Tuesday wasn’t the first time Dave Roberts wrote Freddie Freeman’s name into a lineup card.
“I’ve run that exercise out many times,” the Dodgers manager said with a grin.
But it was the first time Freeman took the field for the team, making his spring debut in the Dodgers’ 10-8 loss against the Cincinnati Reds at Camelback Ranch.
Freeman went one for two while batting third – Roberts said he envisions Freeman batting either second or third this season – and slapped a first-inning single the other way to left field after being serenaded with chants of “Freddie! Freddie! ” by the crowd.
“Usually Dodger fans aren’t chanting my name,” joked Freeman, the former Atlanta Braves star who finalized a six-year, $ 162-million contract with the Dodgers on Friday. “It was nice to get back out there.”
Freeman had eight family members in attendance during the game and said many more will be driving out from Southern California to see the Orange County native this weekend.
“Easy drive now to get to spring training,” he said.
It’s been one of the many changes over the last week for Freeman, who laughed when later asked whether anything has felt normal while adjusting to his new team.
“To be honest, no,” he said. “It’s my first Arizona spring training. So there’s trying to learn how to get to the field every day without my GPS. Everything’s just new. But what a great organization. They’ve been very welcoming and let me get my bearings here and it’s been a great five days so far. “
Roberts believes Freeman, who had previously spent his entire professional career with the Braves after being drafted out of Orange El Modena High in 2007, is getting comfortable with his new surroundings, too.
“I do believe there’s a heavy heart in there, a lot of emotions [when] you’re with a team for 15 years, ”Roberts said. “I think he’s still trying to sift through those emotions. But I know he’s happy to be here. The guys are happy. And each day gets a little bit easier for him. “
With most of his first-week obligations out of the way, Freeman’s attention is turning toward the start of the season. He said he doesn’t feel his game di lui is behind right now, despite the delayed start to spring training. He also wants to play frequently over the rest of spring camp after getting in four innings on Tuesday.
“I’ve been getting as much work as I can on the back fields but nothing’s like a game,” said Freeman, who beat out a potential double-play grounder in his second at-bat. “So it was nice to get a couple of ABs.”
After getting dressed and walking out of the clubhouse following his exit from the game, Freeman returned to the vast blue-colored room accompanied by his 5-year-old son, Charlie, showing his eldest son around his dad’s new home.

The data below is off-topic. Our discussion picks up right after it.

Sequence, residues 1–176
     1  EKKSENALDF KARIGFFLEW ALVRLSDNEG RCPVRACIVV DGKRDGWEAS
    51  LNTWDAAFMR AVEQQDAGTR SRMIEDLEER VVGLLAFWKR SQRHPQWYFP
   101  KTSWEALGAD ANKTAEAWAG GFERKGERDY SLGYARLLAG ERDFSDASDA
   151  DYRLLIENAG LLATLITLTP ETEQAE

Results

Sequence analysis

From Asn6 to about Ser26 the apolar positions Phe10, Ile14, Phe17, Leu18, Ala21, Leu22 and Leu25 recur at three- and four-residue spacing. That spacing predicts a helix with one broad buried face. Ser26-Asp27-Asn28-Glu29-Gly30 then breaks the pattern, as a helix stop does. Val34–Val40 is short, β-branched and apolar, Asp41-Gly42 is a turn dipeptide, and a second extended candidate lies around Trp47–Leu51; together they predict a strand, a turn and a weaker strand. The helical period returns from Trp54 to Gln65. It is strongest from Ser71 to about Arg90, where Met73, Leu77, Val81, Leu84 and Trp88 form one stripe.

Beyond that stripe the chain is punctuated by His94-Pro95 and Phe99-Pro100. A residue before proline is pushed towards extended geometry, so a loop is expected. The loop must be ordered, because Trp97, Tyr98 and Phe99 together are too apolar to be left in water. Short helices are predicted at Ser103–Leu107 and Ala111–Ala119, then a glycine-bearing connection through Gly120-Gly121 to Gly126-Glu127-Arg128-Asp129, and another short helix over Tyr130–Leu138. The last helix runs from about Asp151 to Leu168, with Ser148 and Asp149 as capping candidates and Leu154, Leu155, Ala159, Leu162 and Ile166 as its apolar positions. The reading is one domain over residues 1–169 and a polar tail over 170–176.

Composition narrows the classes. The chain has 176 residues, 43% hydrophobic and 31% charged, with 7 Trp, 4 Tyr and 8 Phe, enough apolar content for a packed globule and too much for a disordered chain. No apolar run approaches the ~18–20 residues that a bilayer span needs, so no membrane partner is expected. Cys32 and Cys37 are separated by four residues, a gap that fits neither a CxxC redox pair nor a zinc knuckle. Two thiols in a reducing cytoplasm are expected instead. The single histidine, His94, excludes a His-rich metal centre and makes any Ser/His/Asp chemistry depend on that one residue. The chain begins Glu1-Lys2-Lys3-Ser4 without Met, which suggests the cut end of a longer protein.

“This was a good day,” Freeman said, adding: “It’s a new chapter.”
Buehler building up
Walker Buehler didn’t have a normal first start of the spring.
Instead of a typical brief Cactus League debut, Buehler threw 53 pitches in a sharp 4 ⅔-innings outing, displaying a level of stamina many other pitchers are still trying to build up to following the league’s offseason lockout.
“That was probably more innings than I’ve thrown in spring training ever in one day,” said Buehler, who struck out five and gave up two runs on five hits. “But we gotta get ready for the first week and work through some things.”
It was a promising first step for Buehler, who threw a career-high 207 ⅔ innings last season while making a major league-most 33 starts. He also made four postseason starts, including two on short rest for the first time in his career.
Following the year, Buehler said he “took a little bit longer off” before beginning his preparation for this season in mid-December.
“I think probably the first time I moved it was on my honeymoon,” said Buehler, who got married in December. “I threw some weighted balls in St. Lucia and got back after it once we got home.”
During the lockout, however, Buehler began to build up. He came to Phoenix in February to train at a performance center, and started facing hitters shortly after. Buehler is on track to be stretched out as much as he normally would to begin a season.
“At least for me, I don’t want to throw three or four innings,” he said. “I’d like to be able to make a full start.”
The Dodgers signed veteran outfielder Kevin Pillar on Tuesday to a minor league deal (with a big league spring training invitation) that will reportedly be worth $ 2.5 million if he makes the MLB team. … The Dodgers will have no arbitration hearings this year, after agreeing to one-year contracts with Trea Turner for $ 21 million, Julio Urías for $ 8 million and Caleb Ferguson for $ 762,500, according to people with knowledge of the situation. … Infielder Hanser Alberto was at Dodgers camp Tuesday, though his signing di lui has yet to be officially announced. Alberto said on Twitter this week he had been delayed because of visa issues.